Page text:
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“Before and since the Supreme Court’s decision, our standard agreements have the following provision (‘in any medium or form of, now existing or hereafter developed’):
“You hereby grant and assign to the [name of publication] the following rights to your Work:
“(1) the exclusive right of first publication of the Work worldwide as part of the above-named publication;
“(2) the nonexclusive worldwide right to edit, reproduce, distribute, perform, and display the Work and to license or syndicate use of the Work, or any part thereof, in any medium or form of communication, now existing or hereafter developed, to others; and
“(3) the nonexclusive worldwide right to use the Work, or any part thereof, in any publication produced by the [name of publication]. In addition, you assign the nonexclusive worldwide right to use the Work to promote and publicize the [name of publication] …, including the right to use your name and likeness biographical data in such promotions. If published, you will be identified as the author of the Work, or co-author if applicable.”
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“Before editors get too hard-nosed, they ought to remember that they are one layoff away from being on the other side of this question. What goes around….”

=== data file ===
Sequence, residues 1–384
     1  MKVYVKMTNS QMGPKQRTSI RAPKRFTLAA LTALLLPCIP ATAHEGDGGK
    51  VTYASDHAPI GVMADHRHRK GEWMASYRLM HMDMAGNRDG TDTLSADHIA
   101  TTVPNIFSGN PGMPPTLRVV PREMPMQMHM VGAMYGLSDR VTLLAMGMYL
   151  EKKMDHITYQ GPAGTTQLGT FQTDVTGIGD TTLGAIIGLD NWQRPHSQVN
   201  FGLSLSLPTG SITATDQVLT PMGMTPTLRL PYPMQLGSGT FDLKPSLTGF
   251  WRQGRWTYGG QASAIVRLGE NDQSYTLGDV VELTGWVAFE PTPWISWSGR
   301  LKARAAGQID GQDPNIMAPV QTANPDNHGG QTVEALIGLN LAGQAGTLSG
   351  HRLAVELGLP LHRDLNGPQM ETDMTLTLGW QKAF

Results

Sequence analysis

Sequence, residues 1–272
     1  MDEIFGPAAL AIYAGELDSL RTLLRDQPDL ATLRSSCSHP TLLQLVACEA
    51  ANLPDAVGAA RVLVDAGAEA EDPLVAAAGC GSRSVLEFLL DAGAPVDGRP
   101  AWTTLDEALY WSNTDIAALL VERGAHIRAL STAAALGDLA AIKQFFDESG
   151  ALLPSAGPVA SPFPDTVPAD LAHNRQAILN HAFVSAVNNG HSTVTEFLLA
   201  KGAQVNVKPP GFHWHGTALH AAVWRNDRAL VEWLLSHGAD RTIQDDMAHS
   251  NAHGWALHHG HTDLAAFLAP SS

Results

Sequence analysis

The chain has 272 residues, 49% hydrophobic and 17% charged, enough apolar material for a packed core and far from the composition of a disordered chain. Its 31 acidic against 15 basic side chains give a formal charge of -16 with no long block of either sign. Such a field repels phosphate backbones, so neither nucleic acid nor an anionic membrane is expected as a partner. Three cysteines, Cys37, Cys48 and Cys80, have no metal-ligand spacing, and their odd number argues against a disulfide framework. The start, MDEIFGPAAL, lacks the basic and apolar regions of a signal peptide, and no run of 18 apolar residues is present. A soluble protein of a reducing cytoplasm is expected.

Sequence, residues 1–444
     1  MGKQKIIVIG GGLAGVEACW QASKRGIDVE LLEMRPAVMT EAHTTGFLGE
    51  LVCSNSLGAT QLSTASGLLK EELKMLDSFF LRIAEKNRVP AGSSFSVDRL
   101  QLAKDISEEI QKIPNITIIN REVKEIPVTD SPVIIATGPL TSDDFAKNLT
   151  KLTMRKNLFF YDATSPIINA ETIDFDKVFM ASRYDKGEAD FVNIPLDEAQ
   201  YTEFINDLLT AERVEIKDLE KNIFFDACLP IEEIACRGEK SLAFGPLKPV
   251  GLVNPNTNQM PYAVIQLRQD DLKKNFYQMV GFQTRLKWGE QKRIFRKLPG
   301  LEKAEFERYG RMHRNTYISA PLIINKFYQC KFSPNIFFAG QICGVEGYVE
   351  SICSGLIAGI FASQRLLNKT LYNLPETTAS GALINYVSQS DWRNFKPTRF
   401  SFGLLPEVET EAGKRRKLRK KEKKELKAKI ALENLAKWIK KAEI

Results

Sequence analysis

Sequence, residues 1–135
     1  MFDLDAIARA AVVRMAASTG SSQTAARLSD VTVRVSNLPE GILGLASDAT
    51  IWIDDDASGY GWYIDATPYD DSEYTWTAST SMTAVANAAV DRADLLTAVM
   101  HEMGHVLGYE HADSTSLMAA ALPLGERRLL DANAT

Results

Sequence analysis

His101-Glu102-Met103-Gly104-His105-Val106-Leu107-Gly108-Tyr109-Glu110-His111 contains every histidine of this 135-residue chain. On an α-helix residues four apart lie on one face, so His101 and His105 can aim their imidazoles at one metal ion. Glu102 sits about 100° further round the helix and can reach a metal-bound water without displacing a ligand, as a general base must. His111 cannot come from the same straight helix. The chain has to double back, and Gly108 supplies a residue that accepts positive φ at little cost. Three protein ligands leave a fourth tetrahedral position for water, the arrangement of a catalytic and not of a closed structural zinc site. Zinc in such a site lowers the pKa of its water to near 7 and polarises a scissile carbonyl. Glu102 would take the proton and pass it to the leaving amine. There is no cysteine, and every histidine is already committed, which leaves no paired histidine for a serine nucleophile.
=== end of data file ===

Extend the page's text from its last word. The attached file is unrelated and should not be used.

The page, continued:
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“We have been buying electronic publishing rights for about 5 years. Many of our print stories are published on our Web site, so we felt it was necessary.”
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“…. We have recently instituted a policyregarding reuse of one-time photography; a 10 percent of bill gratuity is sent to photographers if original art shot (for cover, corporate features, etc.) is used in a reprint.”
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“We have tightened up the language in copyright agreements to specifically mention electronic version of articles.